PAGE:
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Switching to Electronic Access Control? Things You Need to Know

First think about a question, under what circumstances you should consider electronic access control?

  • You need an audit trail
  • You need to control access to doors based on date and time
  • You need to quickly add and remove keys from your system

If the above three circumstances occur, then perhaps you need an electronic access control system.

While mechanical keys will keep a building secure, they lack the flexibility to adapt to your changing security needs. Standard physical keys are difficult to track without a key management system. And when a key goes missing, changing a standard mechanical lock, often expensive.

About Electronic Access Control

Yet the alternative, electronic access control, can seem daunting, over-technical, and potentially expensive. But this need not be the case if you choose the right access control system.

A basic electronic access control system consists of a reader, a controller, and an electric lock. Readers are mounted on the outside of doors and are the only part of the electronic access control system most people see. In a modern electronic access control system, the readers are designed to recognize codes (something you know), credentials (something you have), or biometrics (something you are). If the system uses a code reader, you enter a personal identification number into a keypad to identify yourself to the system. With a credential reader, you would present a card or key fob. A biometric reader must read a part of you.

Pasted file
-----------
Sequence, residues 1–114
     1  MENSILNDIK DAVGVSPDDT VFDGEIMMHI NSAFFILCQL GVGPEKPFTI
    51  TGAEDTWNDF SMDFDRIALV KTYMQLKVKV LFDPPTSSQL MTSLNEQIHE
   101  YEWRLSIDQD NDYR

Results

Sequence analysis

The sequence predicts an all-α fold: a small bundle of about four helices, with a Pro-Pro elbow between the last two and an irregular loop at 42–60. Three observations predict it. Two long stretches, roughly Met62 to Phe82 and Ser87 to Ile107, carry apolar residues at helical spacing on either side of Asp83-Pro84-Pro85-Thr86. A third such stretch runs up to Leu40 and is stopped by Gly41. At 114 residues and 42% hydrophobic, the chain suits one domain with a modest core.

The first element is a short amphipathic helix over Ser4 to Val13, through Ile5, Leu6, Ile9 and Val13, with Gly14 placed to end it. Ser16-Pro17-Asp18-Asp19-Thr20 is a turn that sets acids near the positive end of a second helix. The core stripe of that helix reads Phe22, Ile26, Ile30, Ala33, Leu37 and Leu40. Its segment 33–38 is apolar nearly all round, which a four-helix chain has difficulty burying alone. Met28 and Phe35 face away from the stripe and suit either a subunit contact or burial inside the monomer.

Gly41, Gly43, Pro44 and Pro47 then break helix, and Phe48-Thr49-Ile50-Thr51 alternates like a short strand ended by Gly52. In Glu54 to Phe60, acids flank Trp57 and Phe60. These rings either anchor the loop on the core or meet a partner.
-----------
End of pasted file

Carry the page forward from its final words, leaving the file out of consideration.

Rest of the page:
Popular biometrics include fingerprints and hand geometry. Finger vein patterns are also becoming a popular form of biometric. Retinal scans have been used for some time. They are not very popular in business environments and are usually reserved for high-end systems. Finally, facial recognition is a developing technology. While this technology is useful for investigations, it has not yet gained wide acceptance as a method for access control.

Key-centric Access Control Systems

Wait, such electronic access control does not apply to all industries and environments. If the scenario is telecommunication stations, electric power, logistics and transportation, perhaps this is not an easily acceptable solution.

In parts of Europe, key-centric access control systems have changed the security of many important workplaces. It is based on three elements: smart keys, electronic lock cylinders, and software that provides traceable access control.

The electronic lock (lock cylinder) can be installed on almost any door, just like a mechanical lock, and does not require any wiring. The administrator can access the management software through the Web to update the access authority of the key. The system is highly flexible and adapted to suit any number of different business models and infrastructures, not just within public spaces.

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